“It is a fable with a solid message about death and the cycle of living,” said Ed Sarafian who plays the part of Gramps. “Not like a Disney version, not that packaged. But it is interesting that Disney’s ‘Circle of Life’ and On Borrowed Time are saying essentially, the same thing. We don’t live forever, can’t change the laws of nature, and we had better do the best we can with the time we have.”
Gramps becomes aware of the immediacy of bringing up his grandson Pud (Joey Hauswirth) and keeping him away from the clutches of Pud’s prim and proper Aunt Demetria (Kerri Shawn) when Mr. Brink (Joe Bellan) comes to town. Mr. Brink, as the name suggests, is death, but he’s no grim reaper. In a bowler hat, plaid suit, and with a playful wink, he lets Gramps know that his time is up. Even though Gramps has a great sense of humor, he takes an immediate dislike to this jokester and finds a way to trap Brink. The trap itself is a practical joke and keeps the audience laughing. But it buys time for Gramps to be with his grandson.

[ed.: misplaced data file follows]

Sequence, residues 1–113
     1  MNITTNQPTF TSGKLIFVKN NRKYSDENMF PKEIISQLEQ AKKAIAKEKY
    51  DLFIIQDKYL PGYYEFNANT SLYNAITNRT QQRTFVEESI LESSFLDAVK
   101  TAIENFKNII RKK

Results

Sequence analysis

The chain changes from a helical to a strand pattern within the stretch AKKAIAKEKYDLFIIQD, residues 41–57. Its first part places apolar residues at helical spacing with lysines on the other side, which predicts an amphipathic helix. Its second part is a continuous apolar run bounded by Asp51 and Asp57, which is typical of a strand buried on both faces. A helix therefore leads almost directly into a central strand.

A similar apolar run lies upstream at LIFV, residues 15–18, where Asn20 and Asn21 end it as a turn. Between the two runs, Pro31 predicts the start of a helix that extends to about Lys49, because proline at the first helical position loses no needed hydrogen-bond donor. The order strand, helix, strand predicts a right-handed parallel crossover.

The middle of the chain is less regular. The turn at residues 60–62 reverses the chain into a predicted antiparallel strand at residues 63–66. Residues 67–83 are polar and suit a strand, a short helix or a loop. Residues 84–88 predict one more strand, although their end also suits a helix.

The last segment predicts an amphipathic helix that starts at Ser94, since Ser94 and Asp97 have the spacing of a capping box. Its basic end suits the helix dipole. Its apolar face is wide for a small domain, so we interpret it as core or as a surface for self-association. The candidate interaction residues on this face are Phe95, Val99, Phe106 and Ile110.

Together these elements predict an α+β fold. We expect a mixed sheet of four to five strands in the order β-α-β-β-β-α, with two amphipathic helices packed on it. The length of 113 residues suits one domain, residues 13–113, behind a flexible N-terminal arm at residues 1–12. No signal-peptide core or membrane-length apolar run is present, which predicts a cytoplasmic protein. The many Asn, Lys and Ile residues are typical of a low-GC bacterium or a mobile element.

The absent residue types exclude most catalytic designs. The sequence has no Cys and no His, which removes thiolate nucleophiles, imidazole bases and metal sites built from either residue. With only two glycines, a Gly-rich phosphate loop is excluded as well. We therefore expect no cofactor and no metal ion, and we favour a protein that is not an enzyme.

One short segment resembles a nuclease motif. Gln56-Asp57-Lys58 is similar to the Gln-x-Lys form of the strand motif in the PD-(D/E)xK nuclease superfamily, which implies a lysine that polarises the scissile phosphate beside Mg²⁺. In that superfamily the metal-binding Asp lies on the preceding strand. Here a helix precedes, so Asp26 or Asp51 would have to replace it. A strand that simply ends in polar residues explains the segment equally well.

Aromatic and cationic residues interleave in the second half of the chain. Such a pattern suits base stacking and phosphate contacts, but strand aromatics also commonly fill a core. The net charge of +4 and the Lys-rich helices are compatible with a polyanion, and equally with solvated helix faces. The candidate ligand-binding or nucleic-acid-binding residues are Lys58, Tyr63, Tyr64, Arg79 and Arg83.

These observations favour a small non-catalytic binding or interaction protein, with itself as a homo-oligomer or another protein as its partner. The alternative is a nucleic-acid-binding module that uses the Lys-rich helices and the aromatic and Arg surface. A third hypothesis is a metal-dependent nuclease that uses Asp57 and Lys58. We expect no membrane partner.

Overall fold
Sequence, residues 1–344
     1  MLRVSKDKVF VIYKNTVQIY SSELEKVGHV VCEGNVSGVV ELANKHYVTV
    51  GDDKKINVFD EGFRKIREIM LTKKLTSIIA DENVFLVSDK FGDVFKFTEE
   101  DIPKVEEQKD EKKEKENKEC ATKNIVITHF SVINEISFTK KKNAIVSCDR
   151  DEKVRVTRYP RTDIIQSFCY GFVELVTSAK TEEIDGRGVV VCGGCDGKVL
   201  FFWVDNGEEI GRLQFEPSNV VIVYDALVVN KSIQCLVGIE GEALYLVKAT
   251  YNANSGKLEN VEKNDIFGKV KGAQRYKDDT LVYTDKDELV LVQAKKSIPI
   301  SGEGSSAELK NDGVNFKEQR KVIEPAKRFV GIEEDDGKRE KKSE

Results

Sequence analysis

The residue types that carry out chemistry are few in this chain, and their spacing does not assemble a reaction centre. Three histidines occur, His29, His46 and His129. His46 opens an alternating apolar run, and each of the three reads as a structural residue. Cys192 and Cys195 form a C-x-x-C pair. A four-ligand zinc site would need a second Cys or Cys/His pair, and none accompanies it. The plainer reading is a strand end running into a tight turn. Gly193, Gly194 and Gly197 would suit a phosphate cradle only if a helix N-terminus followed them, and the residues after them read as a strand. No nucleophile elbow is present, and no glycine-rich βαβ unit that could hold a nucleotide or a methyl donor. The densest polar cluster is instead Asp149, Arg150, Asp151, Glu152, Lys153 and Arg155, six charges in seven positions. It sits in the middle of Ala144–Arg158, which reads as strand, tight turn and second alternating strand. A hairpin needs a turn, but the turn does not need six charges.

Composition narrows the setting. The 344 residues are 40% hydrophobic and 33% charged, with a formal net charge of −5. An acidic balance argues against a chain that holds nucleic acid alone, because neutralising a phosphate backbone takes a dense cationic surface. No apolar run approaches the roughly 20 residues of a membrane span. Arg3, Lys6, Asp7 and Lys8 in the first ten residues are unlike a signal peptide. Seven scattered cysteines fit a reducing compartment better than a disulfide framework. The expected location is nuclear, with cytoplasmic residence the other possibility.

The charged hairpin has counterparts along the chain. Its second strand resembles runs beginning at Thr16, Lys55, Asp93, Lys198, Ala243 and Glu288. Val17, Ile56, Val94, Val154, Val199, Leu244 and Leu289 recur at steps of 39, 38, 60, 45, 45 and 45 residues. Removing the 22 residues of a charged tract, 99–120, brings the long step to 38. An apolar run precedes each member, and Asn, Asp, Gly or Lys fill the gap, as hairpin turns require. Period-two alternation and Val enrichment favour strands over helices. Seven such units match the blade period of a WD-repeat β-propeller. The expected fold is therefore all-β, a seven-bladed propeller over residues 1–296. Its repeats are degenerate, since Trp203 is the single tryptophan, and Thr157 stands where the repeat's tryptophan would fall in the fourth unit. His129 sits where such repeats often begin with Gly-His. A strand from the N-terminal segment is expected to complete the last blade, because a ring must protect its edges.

The relationship between Gramps and Pud is endearing, as is Gramps’ relationship to his wife who he calls Miss Nellie. This is a great family story from a time in American history when the pace was slower. Or as Pat Parker (Miss Nellie) put it: “…it is a sweet, sad story that will touch people. I think that anytime you have a story about people trying their best, an audience is interested. We all want to do better, to live well and improve. Basically this is the story Osborne is telling: it is hard to let go when you see there are things still to be done.”
For tickets or more information call (925) 943-7469 or visit www.dlrca.org.
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